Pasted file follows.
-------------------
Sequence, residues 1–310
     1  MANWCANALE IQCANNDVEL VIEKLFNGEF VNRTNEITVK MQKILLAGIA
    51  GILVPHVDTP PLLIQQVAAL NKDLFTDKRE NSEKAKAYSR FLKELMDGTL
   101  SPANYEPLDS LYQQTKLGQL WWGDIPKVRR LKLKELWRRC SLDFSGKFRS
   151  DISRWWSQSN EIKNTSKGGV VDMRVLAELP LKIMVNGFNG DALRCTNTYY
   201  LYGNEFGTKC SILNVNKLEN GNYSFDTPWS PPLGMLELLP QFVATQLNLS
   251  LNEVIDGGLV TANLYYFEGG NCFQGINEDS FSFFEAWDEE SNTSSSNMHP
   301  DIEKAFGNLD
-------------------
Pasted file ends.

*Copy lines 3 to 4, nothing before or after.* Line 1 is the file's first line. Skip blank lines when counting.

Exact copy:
    51  GILVPHVDTP PLLIQQVAAL NKDLFTDKRE NSEKAKAYSR FLKELMDGTL
   101  SPANYEPLDS LYQQTKLGQL WWGDIPKVRR LKLKELWRRC SLDFSGKFRS